My ds1 just hit three years old last month. So far, I agree that it is a tough age. I just picked up a book at the library: "Your Three Year Old" but am finding it a bit off for us. It states that 3 is a time of equilibrium where kids are eager to please and love doing things with a caregiver. According to this book 3.5 is a time of disequilibrium and talks about some of the things you mention: verbal changes, not interested in listening/pleasing any longer, food struggles, etc. It does mention that not all kids go through the same stages at the same time.
I'm going to keep an eye on this thread for suggestions since I am struggling with this stage as well.
Mama to Blake, 6, and Grant, 4
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Sounds like what is going on around here as well. Ds turned 3 this week. For us I know my own exhaustion from having a newborn is making it worse - I have to work darn hard some days to keep my own emotions under control.
Doula mama to dd (Oct '11) & ds (Oct '08) and expecting (Apr '17)
In the same boat. DS will be 3 in December and says no to everything. The only thing I've found helpful is making everything into a game, or pretending like he can't do the thing I want him to do. Like "you can't brush your teeth, you're just a baby..I'll bet you can't do it!" and he laughs and giggles, and brushes his teeth to prove me wrong. Tonight while putting on his jammes and diaper, he normally kicks his legs, and says "no!" the whole time, but instead I told him a silly story while doing it and it distracted him enough to cooperate and listen to the story. Takes work and sometimes I just want to lock myself in the bedroom and take a nap, but I'm almost positive this is a phase and I've just accepted that I need to figure out new ways of parenting, and that what I was doing before won't work for awhile :) Potty training is a whole other thread :) He hasn't ever really been potty trained yet, so no backslide there, but his outright refusal to do certain things isn't helping the matter!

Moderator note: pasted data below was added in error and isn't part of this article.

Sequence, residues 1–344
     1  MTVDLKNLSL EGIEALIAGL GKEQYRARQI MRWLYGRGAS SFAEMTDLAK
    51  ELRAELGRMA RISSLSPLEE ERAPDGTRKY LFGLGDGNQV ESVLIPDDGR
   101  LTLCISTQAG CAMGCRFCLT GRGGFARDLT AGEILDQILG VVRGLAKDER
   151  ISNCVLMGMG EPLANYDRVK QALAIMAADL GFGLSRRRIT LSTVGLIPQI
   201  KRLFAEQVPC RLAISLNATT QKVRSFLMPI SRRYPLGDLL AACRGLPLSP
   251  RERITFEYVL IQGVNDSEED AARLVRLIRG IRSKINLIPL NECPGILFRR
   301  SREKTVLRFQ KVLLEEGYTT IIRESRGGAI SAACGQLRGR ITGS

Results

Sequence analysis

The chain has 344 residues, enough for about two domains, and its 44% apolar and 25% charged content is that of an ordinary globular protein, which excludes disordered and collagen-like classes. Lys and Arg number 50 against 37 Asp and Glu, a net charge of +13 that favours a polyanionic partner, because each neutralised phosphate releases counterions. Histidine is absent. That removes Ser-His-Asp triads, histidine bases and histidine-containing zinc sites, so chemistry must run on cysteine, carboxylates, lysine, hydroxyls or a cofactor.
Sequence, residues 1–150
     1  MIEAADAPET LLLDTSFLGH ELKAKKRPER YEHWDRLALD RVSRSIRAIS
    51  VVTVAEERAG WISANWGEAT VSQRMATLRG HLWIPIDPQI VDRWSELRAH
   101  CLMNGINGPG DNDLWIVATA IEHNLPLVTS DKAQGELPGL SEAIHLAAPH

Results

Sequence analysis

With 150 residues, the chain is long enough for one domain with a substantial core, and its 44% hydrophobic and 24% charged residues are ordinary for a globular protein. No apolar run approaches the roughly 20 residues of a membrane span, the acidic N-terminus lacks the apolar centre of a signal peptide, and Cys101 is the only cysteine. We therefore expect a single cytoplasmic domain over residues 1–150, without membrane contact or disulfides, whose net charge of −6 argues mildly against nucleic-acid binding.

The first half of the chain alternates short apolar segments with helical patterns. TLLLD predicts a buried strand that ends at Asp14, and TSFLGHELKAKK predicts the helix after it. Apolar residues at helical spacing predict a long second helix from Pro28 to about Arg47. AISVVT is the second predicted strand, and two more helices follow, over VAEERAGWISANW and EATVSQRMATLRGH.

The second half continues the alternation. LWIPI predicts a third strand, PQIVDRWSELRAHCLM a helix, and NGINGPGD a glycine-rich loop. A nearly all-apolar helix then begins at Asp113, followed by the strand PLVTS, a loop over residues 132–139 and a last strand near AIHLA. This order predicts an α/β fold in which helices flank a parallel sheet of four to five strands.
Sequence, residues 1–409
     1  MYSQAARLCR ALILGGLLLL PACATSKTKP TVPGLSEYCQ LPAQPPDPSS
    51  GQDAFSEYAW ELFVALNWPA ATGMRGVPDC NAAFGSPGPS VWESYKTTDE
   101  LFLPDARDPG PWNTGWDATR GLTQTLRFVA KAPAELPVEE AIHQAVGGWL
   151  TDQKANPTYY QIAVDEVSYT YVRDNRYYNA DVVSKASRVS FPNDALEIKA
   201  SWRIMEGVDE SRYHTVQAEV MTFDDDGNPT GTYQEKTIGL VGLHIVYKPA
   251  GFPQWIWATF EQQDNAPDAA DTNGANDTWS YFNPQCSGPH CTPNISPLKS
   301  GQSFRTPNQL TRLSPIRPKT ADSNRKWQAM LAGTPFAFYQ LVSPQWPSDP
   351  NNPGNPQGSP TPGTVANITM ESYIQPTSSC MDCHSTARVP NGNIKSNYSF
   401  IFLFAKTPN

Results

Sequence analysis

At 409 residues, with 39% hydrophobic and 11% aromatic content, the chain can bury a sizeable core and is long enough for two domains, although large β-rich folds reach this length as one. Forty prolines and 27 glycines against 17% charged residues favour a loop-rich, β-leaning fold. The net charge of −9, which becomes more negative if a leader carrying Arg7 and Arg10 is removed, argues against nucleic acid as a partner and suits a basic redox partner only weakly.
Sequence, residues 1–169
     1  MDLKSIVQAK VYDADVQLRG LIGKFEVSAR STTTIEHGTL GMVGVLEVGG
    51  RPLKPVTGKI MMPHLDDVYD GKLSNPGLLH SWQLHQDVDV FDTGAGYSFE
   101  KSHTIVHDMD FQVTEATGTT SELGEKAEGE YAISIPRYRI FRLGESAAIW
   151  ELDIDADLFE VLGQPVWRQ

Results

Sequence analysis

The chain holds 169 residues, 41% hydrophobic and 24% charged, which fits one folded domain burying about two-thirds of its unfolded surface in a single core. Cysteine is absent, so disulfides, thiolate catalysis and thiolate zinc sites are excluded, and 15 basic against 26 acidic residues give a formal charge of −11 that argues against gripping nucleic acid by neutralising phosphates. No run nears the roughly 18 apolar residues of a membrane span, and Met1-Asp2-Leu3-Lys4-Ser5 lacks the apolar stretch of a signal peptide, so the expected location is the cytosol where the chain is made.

DH(9/04) DS(12/08) and DD(5/11)
minutes of Jessie time and mommy time. We use the timer on the stove and for ten minutes I do whatever she wants to do. It helps me enjoy her more and she thrives on it. At the end of ten minutes, it's mommy time, and I'll leave her to continue playing while I do a few dishes or sometimes shell come in the kitchen with me and "help" or maybe throw a bit of a fit, but after several alternating ten minutes special time, the rest of the day always goes better.
Wow, what a mirror reflection to read your post. Our 2 year old daughter is soon to be 3 in December and much of what you've described is what we're dealing with. It is NON-STOP. I don't know what was in the water in 2008, but whatever it was was pretty potent!
She had a bit of a speech delay that now seems to be just about caught up following therapy, but other than that, the only thing her pediatrician, therapist and we can pinpoint are certain traits of Sensory Integration Dysfunction. She is one who can't get enough touching, and keeps liquids going down similar to your child... and what a night owl! (Much like her mom I'm afraid.) My husband has tried tactics with heavy playtime (running, chasing, just being outside) and it still didn't seem to slow her down. I can say that after learning how to navigate around various websites like Sprout, PBSKids, and Poissonrouge, she is settling down quite a bit from a few months ago. In fact, the speech therapist asked to watch her in action on the computer during a recent session. Much to her surprise, no wiggles, no having to fight to keep her on task, for nearly an hour.
I can't say this will solve your problems but it surely has helped ours. She was just looking for something constructive to do it seems. Now we have worksheets at some point of the day (yes, even at 2) and give her a reason to do something meaningful with pen and paper. It's made quite a difference in our days.
She's still a handful, but I'm thanking God for some semblance of a respid after 30+ months!
'Hope this helps.
Just another agreeing that its a tough age. My ds will be 3 in a month and I could have written your post. We're dealing by setting firm boundaries and getting as much outside time as possible. It's hard.